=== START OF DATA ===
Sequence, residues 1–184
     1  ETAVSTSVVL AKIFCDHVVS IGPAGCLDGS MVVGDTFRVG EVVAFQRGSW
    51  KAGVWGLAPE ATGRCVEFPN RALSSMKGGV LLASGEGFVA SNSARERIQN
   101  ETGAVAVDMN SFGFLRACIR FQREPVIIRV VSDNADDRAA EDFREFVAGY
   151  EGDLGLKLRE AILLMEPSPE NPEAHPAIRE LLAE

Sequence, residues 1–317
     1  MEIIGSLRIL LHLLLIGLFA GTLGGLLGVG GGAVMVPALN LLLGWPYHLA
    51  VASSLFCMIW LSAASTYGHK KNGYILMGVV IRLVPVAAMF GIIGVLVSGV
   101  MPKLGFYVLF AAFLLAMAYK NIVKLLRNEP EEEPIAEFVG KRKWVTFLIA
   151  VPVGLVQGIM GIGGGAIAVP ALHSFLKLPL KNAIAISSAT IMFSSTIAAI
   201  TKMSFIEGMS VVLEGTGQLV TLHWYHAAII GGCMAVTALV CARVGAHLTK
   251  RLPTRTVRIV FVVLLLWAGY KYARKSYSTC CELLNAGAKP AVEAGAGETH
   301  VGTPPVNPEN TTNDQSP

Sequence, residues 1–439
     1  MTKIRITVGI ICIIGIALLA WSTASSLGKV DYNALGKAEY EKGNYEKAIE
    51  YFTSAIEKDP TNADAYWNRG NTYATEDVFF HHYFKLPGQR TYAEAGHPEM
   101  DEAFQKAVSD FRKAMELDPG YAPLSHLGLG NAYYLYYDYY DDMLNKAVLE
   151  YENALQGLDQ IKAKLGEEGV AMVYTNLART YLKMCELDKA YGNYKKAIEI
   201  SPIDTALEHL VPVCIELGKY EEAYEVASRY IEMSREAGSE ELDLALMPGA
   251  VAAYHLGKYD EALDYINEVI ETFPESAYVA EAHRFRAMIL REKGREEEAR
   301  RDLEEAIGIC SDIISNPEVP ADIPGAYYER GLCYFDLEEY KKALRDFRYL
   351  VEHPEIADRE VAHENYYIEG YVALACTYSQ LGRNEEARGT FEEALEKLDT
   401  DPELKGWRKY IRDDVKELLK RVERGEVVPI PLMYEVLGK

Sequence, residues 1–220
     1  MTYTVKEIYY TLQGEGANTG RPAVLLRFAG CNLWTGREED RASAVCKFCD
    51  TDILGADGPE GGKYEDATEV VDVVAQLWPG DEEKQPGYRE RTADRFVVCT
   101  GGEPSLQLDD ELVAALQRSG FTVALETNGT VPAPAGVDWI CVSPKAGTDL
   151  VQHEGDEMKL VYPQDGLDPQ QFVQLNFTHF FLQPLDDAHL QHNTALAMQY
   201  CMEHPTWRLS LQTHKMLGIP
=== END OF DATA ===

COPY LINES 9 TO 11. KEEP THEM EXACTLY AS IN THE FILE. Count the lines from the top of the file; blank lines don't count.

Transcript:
   101  MPKLGFYVLF AAFLLAMAYK NIVKLLRNEP EEEPIAEFVG KRKWVTFLIA
   151  VPVGLVQGIM GIGGGAIAVP ALHSFLKLPL KNAIAISSAT IMFSSTIAAI
   201  TKMSFIEGMS VVLEGTGQLV TLHWYHAAII GGCMAVTALV CARVGAHLTK